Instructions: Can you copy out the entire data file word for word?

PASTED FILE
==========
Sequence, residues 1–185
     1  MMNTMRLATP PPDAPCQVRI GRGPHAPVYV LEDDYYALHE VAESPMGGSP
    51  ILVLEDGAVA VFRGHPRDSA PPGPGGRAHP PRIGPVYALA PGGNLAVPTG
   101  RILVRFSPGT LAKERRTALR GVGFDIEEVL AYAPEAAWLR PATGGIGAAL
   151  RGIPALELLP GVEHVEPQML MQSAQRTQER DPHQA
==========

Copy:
Sequence, residues 1–185
     1  MMNTMRLATP PPDAPCQVRI GRGPHAPVYV LEDDYYALHE VAESPMGGSP
    51  ILVLEDGAVA VFRGHPRDSA PPGPGGRAHP PRIGPVYALA PGGNLAVPTG
   101  RILVRFSPGT LAKERRTALR GVGFDIEEVL AYAPEAAWLR PATGGIGAAL
   151  RGIPALELLP GVEHVEPQML MQSAQRTQER DPHQA